By Jean-Paul Salamanca (staff@latinospost.com) | First Posted: Jan 31, 2013 02:27 PM EST

Former NBA player Yao Ming, right, recently spoke about his plans to promote the NBA during the Chinese New Year, as well as his thoughts on Houston Rockets guard Jeremy Lin, left. (Photo : Reuters)

Two seasons removed from his retirement from the NBA, former Houston Rockets great Yao Ming has been doing a lot in his spare time.

The China-born Yao, who retired in the 2010-11 season, told the Washington Post recently that he's been living in Shanghai with his wife and daughter while becoming a wildlife activist against ivory poachers, taking economics courses and owning his own basketball franchise, the Chinese Basketball Association's Shanghai Sharks.

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Still, the eight-time NBA All-Star says he misses the thrill of playing on the court--even the burning of air in his lungs from running up and down the court.

"Basketball is still a part of my life," Yao said, "just in a different way."

One of those ways is being an ambassador for the NBA to the Chinese community. With the Chinese New Year coming up on Feb. 8, the league will look to Yao to take on a role in promoting the league during the eight-day celebration for five in-arena events and more than 20 live NBA games.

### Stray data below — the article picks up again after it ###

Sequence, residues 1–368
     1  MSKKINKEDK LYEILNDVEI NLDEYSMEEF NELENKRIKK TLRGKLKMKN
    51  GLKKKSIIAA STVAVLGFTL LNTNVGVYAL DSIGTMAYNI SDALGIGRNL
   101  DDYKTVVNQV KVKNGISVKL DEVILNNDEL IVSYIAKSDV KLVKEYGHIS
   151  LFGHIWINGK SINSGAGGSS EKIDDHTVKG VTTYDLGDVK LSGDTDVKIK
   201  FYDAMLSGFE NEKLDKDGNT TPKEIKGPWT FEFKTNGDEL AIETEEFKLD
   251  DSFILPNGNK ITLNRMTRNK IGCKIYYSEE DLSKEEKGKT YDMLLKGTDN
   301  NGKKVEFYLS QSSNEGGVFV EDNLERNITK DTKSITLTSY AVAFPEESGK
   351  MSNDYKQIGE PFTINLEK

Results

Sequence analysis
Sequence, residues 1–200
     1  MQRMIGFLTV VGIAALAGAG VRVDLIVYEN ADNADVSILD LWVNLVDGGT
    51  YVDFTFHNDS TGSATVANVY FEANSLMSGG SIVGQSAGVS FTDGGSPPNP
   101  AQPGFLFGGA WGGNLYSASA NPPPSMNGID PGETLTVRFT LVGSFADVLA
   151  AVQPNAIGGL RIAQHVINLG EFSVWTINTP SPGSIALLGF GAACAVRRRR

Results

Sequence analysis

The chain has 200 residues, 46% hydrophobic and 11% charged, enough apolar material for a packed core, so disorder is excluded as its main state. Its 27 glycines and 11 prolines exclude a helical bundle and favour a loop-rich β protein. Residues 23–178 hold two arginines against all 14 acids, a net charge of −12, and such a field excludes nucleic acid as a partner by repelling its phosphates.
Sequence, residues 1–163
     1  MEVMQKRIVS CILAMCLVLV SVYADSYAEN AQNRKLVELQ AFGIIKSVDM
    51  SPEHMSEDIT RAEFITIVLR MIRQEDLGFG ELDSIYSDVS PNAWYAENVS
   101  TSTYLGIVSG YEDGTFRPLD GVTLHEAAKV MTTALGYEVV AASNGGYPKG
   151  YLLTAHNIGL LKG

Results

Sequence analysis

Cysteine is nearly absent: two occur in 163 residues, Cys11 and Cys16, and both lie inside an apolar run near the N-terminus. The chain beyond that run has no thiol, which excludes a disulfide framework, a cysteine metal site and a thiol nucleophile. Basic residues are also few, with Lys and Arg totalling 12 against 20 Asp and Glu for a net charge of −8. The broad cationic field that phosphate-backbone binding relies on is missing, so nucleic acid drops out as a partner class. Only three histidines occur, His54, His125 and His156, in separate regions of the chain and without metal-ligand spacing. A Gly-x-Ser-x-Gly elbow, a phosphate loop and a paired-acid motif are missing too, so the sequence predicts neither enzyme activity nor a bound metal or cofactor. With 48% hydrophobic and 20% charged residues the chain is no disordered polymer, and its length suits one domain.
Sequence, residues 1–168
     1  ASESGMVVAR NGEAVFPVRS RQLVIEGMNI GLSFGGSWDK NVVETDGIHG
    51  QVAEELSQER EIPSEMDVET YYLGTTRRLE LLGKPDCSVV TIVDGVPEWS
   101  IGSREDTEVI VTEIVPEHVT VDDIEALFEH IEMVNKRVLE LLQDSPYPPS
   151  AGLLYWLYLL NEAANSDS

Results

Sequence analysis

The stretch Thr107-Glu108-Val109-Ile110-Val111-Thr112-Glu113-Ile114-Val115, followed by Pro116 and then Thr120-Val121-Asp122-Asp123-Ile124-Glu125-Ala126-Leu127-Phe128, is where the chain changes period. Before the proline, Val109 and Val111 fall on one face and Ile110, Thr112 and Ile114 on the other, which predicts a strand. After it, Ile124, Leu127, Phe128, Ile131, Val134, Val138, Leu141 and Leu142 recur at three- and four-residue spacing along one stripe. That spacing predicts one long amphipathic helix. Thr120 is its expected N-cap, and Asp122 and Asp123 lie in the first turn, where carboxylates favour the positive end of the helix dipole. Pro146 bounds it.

"People are always looking for something exciting," Yao said, while promoting the NBA's efforts to acknowledge the year of the snake. "It's good entertainment for some people's life."

Yao has also been keeping tabs on another famous Rockets player with Asian roots, Jeremy Lin.

The former NBA star says he has been in contact with Lin, and says the 24-year-old guard a ringing--in a situation that harkened similarities to his own time in Houston--is in the right place and organization where he can develop into a more sound basketball player.

Lin has been having an up-and-down statistical year, averaging 12.2 points with 6.1 assists, yet came just under 46,000 votes shy of starting for the West for the 2013 NBA All-Star Game, which will be held in Houston, ironically enough, this year.

Yao, however, says that the Rockets will help Lin develop even further.

"I was there, first 10 games, didn't play well and they continued to encourage me and they tried to help me to fit into the NBA, instead of trying to judge me a good or bad player. I remember that," Yao said of his time with the Rockets. "Jeremy, of course, people expect that he repeat what he did in New York last year. Under that circumstance, he still consistently helps the team and I'm very impressed with what he did."

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